In Baghdad, Iraqis fear return of sectarian bloodshed

May 4, 2009 

BAGHDAD — Jassim Hussein follows the news. He's well aware that violence in his country is creeping up again, and he's worried.

Not that you'd know it judging by the way he spent Saturday night: out with his wife celebrating their 25th wedding anniversary at a popular open-air creamery and cafe in Baghdad's Karrada neighborhood, their three children in tow.

"Yes, we're concerned. We feel it inside," said Hussein, a government administrator. "But that doesn't mean life stops."

Hussein and his family were far from the only ones out Saturday night. In fact, Hassan's Creamery was packed with couples holding hands, with girlfriends gossiping and laughing, with children chasing each other across the cafe's brightly lit courtyard.

"I think people just want to enjoy the security while they can," Hussein said. "A year ago we couldn't do this. Maybe soon it will be that way again."

Over the past two months, Iraq has witnessed a sharp increase in deadly bombings, and there is widespread worry that last year's security gains may be unraveling.

So far, fears of renewed violence don't appear to be changing habits here. Even at night, restaurants, cafes and parks are still busy, a far cry from 2007, when most ventured out only for essential reasons.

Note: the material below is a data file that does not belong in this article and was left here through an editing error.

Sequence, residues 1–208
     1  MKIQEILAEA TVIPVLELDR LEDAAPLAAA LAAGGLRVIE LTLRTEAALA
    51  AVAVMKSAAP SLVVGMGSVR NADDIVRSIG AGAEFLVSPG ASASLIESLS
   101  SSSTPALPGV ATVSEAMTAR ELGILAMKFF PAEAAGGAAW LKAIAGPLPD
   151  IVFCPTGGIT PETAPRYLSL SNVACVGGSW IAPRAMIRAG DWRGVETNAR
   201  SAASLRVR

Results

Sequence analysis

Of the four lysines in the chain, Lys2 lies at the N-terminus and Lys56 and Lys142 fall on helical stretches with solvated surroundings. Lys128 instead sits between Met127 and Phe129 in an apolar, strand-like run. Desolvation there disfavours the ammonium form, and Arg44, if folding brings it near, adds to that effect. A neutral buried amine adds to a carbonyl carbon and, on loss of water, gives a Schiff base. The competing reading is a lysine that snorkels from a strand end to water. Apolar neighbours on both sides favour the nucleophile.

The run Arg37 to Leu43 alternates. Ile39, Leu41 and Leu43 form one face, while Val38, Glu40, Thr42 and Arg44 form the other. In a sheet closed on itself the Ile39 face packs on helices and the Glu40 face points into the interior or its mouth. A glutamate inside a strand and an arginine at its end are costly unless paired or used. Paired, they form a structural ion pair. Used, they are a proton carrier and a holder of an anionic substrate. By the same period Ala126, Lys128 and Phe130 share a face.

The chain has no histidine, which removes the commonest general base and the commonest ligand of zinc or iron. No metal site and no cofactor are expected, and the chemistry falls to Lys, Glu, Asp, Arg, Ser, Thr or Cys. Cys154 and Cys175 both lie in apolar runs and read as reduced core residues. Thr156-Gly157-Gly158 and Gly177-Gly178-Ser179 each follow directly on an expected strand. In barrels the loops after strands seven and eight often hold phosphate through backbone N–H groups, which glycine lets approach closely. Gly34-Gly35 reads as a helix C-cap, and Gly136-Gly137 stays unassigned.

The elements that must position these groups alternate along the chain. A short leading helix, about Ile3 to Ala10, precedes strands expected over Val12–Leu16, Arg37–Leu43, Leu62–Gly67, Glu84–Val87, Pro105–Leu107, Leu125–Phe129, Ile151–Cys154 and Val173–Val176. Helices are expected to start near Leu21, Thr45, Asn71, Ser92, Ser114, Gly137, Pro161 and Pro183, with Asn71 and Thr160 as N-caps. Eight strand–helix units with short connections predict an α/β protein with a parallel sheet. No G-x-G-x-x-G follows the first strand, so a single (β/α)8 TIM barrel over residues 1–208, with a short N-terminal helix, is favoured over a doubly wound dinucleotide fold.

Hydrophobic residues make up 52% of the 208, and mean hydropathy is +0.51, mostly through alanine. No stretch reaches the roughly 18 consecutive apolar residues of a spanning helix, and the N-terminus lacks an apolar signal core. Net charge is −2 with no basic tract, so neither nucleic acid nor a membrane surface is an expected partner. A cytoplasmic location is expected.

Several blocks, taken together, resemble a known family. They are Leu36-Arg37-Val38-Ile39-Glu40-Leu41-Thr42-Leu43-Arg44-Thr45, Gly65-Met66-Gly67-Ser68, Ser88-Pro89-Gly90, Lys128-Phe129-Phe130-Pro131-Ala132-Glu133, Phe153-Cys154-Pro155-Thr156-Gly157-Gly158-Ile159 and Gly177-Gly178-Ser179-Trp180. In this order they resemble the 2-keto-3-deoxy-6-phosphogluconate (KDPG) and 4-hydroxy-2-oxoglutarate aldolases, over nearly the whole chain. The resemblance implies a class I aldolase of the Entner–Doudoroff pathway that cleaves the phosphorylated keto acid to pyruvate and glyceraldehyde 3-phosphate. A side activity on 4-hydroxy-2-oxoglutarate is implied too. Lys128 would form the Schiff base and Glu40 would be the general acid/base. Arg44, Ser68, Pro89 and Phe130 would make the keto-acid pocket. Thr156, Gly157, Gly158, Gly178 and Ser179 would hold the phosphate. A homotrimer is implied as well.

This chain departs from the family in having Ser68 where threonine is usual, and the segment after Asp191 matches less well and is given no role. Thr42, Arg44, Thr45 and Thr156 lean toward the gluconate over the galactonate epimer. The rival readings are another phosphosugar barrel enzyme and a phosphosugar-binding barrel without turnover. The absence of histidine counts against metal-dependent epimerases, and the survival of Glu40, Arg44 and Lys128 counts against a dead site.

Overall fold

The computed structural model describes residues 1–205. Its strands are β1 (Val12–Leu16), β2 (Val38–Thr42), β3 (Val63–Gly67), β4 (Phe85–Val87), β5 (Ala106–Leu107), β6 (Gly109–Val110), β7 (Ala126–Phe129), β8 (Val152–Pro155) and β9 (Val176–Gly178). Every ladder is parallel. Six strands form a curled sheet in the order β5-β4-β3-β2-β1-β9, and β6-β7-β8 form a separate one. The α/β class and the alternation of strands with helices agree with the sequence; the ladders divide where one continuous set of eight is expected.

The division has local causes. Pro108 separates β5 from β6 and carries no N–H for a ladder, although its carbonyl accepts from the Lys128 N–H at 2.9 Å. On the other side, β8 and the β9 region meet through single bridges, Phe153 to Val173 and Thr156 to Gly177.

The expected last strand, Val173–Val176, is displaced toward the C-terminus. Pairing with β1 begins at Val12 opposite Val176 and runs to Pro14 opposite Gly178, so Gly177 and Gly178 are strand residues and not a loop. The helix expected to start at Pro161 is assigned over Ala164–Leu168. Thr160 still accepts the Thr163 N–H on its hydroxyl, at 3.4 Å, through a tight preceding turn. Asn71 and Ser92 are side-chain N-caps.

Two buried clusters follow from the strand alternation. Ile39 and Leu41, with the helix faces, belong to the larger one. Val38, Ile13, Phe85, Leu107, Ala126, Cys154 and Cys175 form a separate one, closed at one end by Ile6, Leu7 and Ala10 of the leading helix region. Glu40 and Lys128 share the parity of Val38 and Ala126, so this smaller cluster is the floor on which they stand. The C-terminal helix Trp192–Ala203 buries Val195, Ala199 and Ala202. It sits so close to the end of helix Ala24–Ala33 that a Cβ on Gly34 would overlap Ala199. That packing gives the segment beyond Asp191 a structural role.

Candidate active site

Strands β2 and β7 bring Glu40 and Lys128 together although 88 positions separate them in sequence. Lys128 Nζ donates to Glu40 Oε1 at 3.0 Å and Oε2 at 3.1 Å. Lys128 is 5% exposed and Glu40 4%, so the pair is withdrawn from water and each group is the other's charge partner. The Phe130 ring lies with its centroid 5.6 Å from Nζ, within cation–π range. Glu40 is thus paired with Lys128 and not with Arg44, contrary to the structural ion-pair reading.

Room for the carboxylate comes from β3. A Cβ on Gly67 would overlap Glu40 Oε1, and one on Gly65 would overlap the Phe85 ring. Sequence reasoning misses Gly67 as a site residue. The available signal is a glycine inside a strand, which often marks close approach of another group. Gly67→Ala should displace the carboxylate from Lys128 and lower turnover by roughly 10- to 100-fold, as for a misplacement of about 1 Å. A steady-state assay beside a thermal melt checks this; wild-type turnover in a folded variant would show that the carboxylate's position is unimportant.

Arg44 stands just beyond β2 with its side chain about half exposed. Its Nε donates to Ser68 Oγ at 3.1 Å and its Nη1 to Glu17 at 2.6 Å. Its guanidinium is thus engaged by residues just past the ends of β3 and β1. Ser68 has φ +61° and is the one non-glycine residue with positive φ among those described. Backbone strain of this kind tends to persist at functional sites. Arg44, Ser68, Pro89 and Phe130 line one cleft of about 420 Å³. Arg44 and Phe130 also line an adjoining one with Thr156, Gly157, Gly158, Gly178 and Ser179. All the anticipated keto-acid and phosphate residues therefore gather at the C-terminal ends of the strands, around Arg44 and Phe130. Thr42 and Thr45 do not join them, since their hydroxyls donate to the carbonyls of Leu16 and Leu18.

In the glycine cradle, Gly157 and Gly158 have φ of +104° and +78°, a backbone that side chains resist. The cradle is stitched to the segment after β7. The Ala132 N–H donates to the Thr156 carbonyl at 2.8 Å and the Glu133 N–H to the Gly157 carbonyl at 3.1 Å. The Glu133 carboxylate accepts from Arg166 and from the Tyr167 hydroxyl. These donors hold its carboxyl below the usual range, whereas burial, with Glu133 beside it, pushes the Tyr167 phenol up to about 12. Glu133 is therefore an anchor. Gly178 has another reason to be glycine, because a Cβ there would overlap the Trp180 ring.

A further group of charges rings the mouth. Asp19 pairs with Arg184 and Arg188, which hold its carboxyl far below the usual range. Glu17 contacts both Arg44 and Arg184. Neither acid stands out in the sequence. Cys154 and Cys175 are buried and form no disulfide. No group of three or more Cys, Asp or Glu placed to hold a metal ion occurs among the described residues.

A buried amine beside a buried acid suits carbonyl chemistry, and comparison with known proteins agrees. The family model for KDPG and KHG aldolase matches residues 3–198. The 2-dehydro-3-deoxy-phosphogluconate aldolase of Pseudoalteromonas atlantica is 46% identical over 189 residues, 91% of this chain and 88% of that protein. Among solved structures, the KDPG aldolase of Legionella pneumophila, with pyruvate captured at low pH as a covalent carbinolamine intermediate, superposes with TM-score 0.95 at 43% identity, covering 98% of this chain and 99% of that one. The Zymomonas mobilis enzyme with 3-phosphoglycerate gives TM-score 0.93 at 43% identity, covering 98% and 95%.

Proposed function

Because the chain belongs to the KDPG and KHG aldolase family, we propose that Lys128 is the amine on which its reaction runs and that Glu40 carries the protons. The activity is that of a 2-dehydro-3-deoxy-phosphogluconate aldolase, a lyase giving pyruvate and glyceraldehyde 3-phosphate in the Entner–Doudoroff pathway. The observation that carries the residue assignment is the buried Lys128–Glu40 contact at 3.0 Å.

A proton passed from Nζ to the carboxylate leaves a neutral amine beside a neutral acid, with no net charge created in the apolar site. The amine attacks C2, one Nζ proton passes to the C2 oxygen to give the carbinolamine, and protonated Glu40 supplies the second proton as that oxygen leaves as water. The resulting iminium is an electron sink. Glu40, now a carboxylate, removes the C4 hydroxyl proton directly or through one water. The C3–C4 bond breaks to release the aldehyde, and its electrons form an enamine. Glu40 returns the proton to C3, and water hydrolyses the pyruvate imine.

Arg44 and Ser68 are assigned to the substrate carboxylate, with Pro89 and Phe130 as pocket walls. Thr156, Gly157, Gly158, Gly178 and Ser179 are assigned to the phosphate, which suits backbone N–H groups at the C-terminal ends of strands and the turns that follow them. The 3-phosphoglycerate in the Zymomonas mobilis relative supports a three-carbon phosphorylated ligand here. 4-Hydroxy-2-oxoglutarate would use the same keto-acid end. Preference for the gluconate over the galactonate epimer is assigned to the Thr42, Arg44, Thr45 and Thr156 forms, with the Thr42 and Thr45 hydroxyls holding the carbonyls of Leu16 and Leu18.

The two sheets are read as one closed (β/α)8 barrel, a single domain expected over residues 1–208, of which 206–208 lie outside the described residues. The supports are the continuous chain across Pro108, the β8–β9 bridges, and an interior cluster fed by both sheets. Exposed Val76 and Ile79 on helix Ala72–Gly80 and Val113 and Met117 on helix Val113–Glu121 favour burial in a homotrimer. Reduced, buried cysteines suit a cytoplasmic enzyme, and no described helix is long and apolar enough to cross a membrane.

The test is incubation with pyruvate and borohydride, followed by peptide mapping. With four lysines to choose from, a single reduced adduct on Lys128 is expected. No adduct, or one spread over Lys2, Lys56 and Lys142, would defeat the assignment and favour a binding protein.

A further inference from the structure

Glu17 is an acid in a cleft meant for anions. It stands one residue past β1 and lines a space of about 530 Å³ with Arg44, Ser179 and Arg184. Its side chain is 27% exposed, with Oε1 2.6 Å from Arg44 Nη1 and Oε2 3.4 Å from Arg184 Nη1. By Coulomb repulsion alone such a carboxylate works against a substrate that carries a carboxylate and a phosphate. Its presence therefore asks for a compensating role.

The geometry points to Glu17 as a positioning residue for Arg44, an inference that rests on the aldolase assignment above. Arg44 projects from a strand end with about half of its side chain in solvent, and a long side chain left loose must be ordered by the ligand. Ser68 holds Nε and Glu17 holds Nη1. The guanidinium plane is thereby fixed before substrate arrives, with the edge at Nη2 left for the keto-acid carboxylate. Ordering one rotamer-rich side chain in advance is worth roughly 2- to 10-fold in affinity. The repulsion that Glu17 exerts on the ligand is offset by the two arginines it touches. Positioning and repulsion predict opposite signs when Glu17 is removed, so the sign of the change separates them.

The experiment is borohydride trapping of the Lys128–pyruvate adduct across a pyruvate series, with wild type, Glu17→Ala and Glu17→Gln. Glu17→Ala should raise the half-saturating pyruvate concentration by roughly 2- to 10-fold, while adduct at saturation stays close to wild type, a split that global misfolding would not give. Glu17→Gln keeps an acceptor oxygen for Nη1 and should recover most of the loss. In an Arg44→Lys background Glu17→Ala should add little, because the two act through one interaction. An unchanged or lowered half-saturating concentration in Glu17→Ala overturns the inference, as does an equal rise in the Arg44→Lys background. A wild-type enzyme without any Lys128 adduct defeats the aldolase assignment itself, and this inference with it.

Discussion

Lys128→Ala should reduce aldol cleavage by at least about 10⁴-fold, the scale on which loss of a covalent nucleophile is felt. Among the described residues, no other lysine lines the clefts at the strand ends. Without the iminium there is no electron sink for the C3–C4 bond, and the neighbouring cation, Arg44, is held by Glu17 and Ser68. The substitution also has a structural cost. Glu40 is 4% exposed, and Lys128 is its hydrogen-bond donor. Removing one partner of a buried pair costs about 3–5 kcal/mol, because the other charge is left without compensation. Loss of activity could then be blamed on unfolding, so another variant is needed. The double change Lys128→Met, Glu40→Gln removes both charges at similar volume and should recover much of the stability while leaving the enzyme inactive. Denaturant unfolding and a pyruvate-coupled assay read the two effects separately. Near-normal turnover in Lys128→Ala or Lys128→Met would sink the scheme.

Still, Iraqis say they're nervous about the upswing in violence and what it may mean. They say they're worried things will get worse, concerned that Iraq's security forces aren't ready to stand on their own, and afraid that the country's ethnic, sectarian and political factions are still far from reconciliation.

Iraqis are acutely aware that large-scale bombings aimed at civilians, and especially at Shiite Muslims, are on the rise. Many said last month's explosions are reminiscent of the violence of early 2006 that sparked Iraq's sectarian war.

"I think the security is starting to go backwards," said Hussein Falih, a 37-year-old police officer. "The situation on the streets feels different, even if we are not behaving different. We are on alert."

Falih's fears are far from unfounded. By several measures, April was the bloodiest month Iraq has seen this year.

In Baghdad alone, more than 200 people died in attacks last month, compared with 99 in March and 46 in February, according to a McClatchy count.

The last time McClatchy recorded more than 200 civilian deaths in one month in the capital was more than a year ago, in March 2008.

At least 520 people were injured in attacks in Baghdad in April, the most since November.

Eighteen U.S. troops died across Iraq last month, the highest toll in seven months.

Most of April's bombings targeted large crowds of Shiites. On April 6 a series of seven explosions killed at least 32 people in Baghdad. Back-to-back bombings the following two days killed at least 15 in the mostly Shiite district of Kadhemiyah. More than 50 died in a suicide attack targeting Shiite pilgrims in Diyala province April 23. Roughly the same number were killed April 29 in three explosions in the east Baghdad Shiite slum of Sadr City.

Publicly, U.S. and Iraqi officials have said the renewed violence is not an indication that recent security gains are reversing.